Author + information
- Received August 21, 2018
- Revision received September 13, 2018
- Accepted September 14, 2018
- Published online December 3, 2018.
- Lars Søndergaard, MDa,∗ (, )@uni_copenhagen@Rigshospitalet,
- Josep Rodés-Cabau, MDb,
- Axel Hans-Peter Linke, MDc,
- Stephan Fichtlscherer, MDd,
- Ulrich Schäfer, MDe,
- Karl-Heinz Kuck, MDf,
- Joerg Kempfert, MDg,
- Dabit Arzamendi, MDh,
- Francesco Bedogni, MDi,
- Federico M. Asch, MDj,
- Stephen Worthley, MDk and
- Francesco Maisano, MDl
- aDepartment of Cardiology, Rigshospitalet, University of Copenhagen, Copenhagen, Denmark
- bQuebec Heart and Lung Institute, Laval University, Quebec City, Quebec, Canada
- cTechnical University Dresden, Heart Center Dresden, Dresden, Germany
- dKlinikum der Johann Wolfgang Goethe-Universität Frankfurt, Frankfurt, Germany
- eUKE Hamburg (Universitatsklinik Eppendorf), Hamburg, Germany
- fAsklepios Klinik St. Georg, Lohmuehlenstrasse, Hamburg, Germany
- gDeutsches Herzzentrum Berlin, Berlin, Germany
- hHospital de la Santa Creu I Sant Pau, Sant Antoni Maria Claret, Barcelona, Spain
- iIRCCS Policlinico San Donato, Piazza E. Malan, San Donato Milanese, Italy
- jCardiovascular Core Laboratories, MedStar Health Research Institute at Washington Hospital Center, Washington, DC
- kRoyal Adelaide Hospital, Adelaide, South Australia, Australia
- lClinic for Heart and Vascular Surgery, University Hospital Zurich, Zurich, Switzerland
- ↵∗Address for correspondence:
Dr. Lars Søndergaard, Department of Cardiology, Rigshospitalet, Rigshospitalet–University of Copenhagen, Blegdamsvej 9, 2100, Copenhagen, Denmark.
Background The new self-expanding, repositionable transcatheter heart valve (THV) system was designed for treatment of severe, symptomatic aortic stenosis in patients with high surgical risk.
Objectives The purpose of this study was to report 1-year outcomes of transcatheter aortic valve replacement with the new THV system.
Methods This ongoing, international, multicenter study evaluated patients with severe, symptomatic aortic stenosis implanted with the THV via transfemoral access and follow-up at 30 days, 1 year, and annually through 5 years. The primary endpoint is all-cause mortality at 1 year; secondary endpoints include clinical outcomes and echocardiographic measurements, both adjudicated.
Results A total of 941 patients (82.4 ± 5.9 years; 65.7% female; Society of Thoracic Surgeons Predicted Risk of Operative Mortality score: 5.8%) were enrolled and underwent an implant at 61 sites in Europe, Australia, and Canada. At 1 year, Kaplan-Meier estimates for all-cause mortality, cardiovascular mortality, disabling stroke rates, and myocardial infarction were 12.1%, 6.6%, 2.2%, and 2.5%, respectively. Mean aortic transvalvular gradient and aortic valve area were 8.66 mm Hg and 1.75 cm2, respectively. Paravalvular leakage was moderate or higher in 2.6% of patients with no severe leakage. New pacemaker rates were 18.7% and 21.3% for pacemaker naïve patients at 30 days and 1 year, respectively. Functional class, exercise capacity, and quality of life improved significantly from baseline to 1 year.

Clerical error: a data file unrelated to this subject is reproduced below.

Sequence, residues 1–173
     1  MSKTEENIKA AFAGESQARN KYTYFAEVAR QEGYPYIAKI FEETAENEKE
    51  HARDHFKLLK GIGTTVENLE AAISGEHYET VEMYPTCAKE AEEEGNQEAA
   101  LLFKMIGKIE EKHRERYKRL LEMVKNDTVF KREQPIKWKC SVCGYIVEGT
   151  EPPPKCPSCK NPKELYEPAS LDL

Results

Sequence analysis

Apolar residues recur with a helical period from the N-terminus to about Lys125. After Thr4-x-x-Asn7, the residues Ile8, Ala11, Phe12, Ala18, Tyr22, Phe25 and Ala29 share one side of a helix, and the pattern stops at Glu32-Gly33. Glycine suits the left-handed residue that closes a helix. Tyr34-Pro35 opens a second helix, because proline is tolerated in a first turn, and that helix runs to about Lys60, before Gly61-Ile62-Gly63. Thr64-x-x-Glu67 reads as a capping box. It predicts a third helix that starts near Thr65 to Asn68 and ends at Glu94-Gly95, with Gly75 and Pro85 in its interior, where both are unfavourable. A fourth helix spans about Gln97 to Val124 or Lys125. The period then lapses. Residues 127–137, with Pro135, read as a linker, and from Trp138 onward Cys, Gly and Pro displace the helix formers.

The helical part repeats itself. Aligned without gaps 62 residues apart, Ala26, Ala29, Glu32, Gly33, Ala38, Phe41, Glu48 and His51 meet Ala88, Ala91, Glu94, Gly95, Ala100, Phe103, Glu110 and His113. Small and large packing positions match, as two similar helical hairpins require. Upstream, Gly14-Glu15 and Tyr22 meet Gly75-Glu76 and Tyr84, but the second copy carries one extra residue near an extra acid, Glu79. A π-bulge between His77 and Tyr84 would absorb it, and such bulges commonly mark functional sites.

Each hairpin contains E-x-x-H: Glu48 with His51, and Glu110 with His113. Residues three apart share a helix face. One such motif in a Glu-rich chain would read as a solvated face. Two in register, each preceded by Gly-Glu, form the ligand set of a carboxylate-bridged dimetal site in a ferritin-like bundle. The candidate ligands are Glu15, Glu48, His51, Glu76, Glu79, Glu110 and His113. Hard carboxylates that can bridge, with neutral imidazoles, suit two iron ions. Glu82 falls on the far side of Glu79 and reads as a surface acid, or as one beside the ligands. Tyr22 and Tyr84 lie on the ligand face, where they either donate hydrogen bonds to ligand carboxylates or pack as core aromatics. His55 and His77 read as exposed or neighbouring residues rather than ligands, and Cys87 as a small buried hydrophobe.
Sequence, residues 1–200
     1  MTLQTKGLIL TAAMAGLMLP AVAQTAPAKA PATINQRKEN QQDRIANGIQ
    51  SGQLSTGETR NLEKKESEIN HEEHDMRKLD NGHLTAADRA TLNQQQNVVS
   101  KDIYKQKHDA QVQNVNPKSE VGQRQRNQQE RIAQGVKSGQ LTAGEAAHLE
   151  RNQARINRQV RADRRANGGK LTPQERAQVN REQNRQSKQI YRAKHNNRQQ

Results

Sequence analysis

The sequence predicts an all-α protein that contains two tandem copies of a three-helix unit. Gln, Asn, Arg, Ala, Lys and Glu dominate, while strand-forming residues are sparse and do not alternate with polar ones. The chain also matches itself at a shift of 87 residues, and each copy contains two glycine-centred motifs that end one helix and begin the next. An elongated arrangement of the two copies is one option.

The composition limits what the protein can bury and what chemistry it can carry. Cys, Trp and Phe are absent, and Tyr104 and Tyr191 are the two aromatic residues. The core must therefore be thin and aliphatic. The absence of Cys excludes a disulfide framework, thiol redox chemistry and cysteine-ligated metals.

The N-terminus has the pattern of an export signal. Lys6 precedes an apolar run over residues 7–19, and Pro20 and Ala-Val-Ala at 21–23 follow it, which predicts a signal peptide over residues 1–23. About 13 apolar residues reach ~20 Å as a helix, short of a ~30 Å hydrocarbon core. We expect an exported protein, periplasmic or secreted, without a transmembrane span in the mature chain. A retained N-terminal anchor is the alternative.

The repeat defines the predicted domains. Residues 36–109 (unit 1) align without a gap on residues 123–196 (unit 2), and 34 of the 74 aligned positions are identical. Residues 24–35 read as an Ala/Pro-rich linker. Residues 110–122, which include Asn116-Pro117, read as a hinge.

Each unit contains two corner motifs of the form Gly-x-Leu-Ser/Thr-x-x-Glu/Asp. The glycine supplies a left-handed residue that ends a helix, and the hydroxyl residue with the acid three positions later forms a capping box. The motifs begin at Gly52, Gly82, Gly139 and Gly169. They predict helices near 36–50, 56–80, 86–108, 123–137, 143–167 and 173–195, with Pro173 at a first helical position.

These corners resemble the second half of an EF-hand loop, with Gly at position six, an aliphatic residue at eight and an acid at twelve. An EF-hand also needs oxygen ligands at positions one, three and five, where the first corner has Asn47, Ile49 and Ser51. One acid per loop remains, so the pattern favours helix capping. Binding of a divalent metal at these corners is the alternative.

Conclusions Transcatheter aortic valve replacement with the new THV in patients who are at increased surgical risk is associated with low 1-year mortality and stroke rates. Favorable hemodynamic results at 1 year are observed with low transvalvular pressure gradient and incidence of significant paravalvular leakage. (5 Year Observation of Patients With PORTICO Valves [PORTICO-I]; NCT01802788)
Safety and efficacy outcomes of transcatheter aortic valve replacement (TAVR) using the new self-expanding, repositionable transcatheter heart valve (THV) system (Figure 1) for treatment of severe, symptomatic aortic stenosis (AS) have been reported from relatively small studies and over limited follow-up periods (1–3). The PORTICO I study was initiated to collect comprehensive long-term, real-world experience from implanters’ early commercial experience with this device. This ongoing multicenter study enrolled a large population of patients at increased risk of surgical mortality and will follow this cohort for ≤5 years after valve implantation. Favorable 30-day safety and efficacy outcomes of this cohort have been reported (4). This paper reports on the primary study endpoint of 1-year all-cause mortality, provides 1-year secondary endpoint results on safety events and valve hemodynamic performance, and characterizes the clinical benefit of receiving a new THV system.
The prospective, single-arm, nonrandomized, multicenter PORTICO I study was conducted to assess acute and long-term clinical outcomes of the new self-expanding, repositionable Portico THV system (Abbott, Chicago, Illinois) for the treatment of severe, symptomatic AS. The design of the study and procedural aspects have been described in detail elsewhere (4). In brief, the study included patients with symptomatic, severe AS that were evaluated by the heart team and deemed to have high surgical risk according to the Society of Thoracic Surgeons Predicted Risk of Operative Mortality (STS) score, logistic European System for Cardiac Operative Risk Evaluation score (EuroSCORE), or other individual risk factors, such as frailty and comorbidities not captured by the risk scores. All patients underwent transfemoral TAVR using the THV system (5). The appropriate valve size was selected from the 4 available sizes (23, 25, 27, and 29 mm) covering an aortic annulus diameter between 19 and 27 mm based on pre-procedural multislice computed tomography (CT). It was recommended to perform balloon pre-dilatation, after which the valve could be deployed without rapid pacing. The valve could be resheathed and repositioned if indicated. Post-dilatation under rapid pacing was allowed to improve sealing and full device expansion if deemed necessary by the operator.
Post-procedural antithrombotic protocol was at the physician’s discretion. Follow-ups are scheduled at 30 days, 1 year, and annually through 5 years post-implant. This paper reports the primary and secondary outcomes of PORTICO I patients through 1 year.